Zimmer Biomet plots $1B revenue for spine, dental spinoff ZimVie, sets launch date

While many of its peers in the medtech industry are proceeding with caution amid the fluctuating market conditions of 2022, Zimmer Biomet, for one, is putting the pedal to the metal.

First up on the docket is the devicemaker’s planned spinoff of its spine and dental segments, which is now slated to be completed on March 1, well ahead of previous estimates that it would be finalized closer to the middle of the year.

When the separation is complete, the standalone public company—dubbed ZimVie after its progenitor and the French word for “life”—will begin trading on the Nasdaq as “ZIMV.” Zimmer Biomet will retain a stake of just under 20% of ZimVie’s outstanding shares of common stock, though the elder company said it would ultimately divest those shares in an unspecified “tax-efficient manner.”

The remaining 80% of ZimVie’s outstanding stock will go to current Zimmer shareholders, distributed as one ZimVie share for every 10 Zimmer shares they own.

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For all of 2022, ZimVie is expecting to rake in revenues of $1 billion. That’s the same amount the dental and spine businesses registered under the Zimmer Biomet umbrella in 2021, indicating the company’s inclination to temper expectations amid the ongoing uncertainty of the COVID-19 pandemic, which ZimVie noted could “materially impact” projections.

The spinoff will comprise a solid slate of Zimmer’s products, including its Rosa One Spine robotic surgery system, Mobi-C artificial cervical disc replacement implants, dental reconstruction implants and more. Those sectors took a hit at the height of the pandemic in 2020, with revenues dropping to $897 million for the year as elective surgeries were postponed and canceled.

“At ZimVie, we intend to prioritize innovation and enhanced commercial and operational focus to improve the adoption of our product platforms within the growing $20 billion global dental and spine markets,” said Vafa Jamali, president and CEO of the new entity.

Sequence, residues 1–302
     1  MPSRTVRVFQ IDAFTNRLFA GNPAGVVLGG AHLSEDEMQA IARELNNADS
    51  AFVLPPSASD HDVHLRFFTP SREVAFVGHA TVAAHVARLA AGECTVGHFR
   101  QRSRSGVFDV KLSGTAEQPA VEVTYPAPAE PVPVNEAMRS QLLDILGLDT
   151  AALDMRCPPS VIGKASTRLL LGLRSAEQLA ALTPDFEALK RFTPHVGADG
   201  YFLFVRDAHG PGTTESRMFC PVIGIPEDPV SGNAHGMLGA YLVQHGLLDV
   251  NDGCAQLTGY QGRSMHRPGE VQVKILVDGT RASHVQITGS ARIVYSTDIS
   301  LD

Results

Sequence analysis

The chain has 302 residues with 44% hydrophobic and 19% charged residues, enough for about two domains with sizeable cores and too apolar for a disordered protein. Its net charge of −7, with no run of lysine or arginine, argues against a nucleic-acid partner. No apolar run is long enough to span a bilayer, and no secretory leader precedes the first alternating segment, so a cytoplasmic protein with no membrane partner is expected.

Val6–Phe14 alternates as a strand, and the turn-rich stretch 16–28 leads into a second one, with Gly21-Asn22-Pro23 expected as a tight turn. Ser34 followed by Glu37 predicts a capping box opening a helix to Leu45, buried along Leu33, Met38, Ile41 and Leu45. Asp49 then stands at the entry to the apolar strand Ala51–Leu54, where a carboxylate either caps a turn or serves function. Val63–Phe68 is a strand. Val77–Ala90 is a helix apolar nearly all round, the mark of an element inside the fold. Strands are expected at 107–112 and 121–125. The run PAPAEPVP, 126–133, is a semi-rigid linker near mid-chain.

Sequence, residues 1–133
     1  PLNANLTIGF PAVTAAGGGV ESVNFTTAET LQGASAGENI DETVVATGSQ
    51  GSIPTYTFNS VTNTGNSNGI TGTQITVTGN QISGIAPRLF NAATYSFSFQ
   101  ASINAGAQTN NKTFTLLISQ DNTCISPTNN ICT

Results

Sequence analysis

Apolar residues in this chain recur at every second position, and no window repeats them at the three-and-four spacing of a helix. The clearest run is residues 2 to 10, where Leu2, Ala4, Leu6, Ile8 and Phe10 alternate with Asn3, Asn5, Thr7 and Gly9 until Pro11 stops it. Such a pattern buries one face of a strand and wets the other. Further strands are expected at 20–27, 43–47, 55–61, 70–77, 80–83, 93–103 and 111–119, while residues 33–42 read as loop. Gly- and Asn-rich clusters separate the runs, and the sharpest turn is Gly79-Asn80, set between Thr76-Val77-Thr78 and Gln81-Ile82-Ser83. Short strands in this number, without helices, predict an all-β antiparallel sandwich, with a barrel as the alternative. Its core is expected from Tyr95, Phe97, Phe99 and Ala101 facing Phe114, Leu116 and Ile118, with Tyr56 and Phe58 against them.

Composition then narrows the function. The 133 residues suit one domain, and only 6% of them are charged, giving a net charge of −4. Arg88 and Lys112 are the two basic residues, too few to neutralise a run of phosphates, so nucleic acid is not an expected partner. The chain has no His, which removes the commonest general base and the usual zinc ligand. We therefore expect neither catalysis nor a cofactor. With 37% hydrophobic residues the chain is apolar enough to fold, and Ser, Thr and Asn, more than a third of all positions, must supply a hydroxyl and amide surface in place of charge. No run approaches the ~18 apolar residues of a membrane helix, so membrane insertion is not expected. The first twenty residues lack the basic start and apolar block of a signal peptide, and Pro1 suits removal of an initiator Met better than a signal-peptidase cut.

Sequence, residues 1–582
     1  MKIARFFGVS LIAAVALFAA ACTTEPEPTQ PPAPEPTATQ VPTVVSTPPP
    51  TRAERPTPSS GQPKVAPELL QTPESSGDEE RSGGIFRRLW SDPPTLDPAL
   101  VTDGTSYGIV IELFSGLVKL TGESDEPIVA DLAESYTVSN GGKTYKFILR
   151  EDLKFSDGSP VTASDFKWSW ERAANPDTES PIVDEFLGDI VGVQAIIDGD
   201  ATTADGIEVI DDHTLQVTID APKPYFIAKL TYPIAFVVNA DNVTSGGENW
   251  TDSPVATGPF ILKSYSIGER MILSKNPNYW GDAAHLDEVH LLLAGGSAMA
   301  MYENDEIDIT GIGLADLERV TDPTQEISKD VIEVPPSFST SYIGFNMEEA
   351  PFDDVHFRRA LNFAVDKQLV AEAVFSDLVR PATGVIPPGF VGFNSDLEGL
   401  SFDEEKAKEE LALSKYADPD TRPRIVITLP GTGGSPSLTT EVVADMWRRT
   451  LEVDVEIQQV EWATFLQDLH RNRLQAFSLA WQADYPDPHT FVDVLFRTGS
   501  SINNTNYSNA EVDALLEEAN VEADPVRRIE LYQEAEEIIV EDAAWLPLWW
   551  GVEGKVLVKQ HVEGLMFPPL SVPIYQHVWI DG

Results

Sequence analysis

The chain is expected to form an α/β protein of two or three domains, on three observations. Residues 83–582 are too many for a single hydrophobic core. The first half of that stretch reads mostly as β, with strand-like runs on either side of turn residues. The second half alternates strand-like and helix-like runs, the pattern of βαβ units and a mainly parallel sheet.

Jamali, a former Medtronic exec who oversaw the Zimmer competitor’s respiratory, gastrointestinal and informatics divisions, was selected to lead ZimVie in early 2021, shortly after the spinoff plans were announced.

He’ll be joined in the C-suite by Richard Heppenstall, former chief financial officer of orthopedic brace maker Breg, who has been tapped to take on the same role and an executive VP slot at ZimVie.

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As for the rest of its business, Zimmer is playing it similarly safe in terms of 2022 forecasts. The medtech giant recorded total net sales of $7.8 billion for 2021, a jump of more than 11% compared to 2020.

That increase, however, was somewhat muted by a 2.3% drop in net sales in the fourth quarter, which Zimmer CEO Bryan Hanson linked to “hospital staffing shortages and the omicron variant surge worldwide.”

Wary of continued fluctuations from the coronavirus pandemic, Zimmer is therefore predicting, at best, stagnant sales for the year after the dental and spine segments are spun out. Its forecasts for the remaining business—led by hip and knee replacement technologies—include a year-over-year impact on revenue somewhere between a 4% drop and no change at all.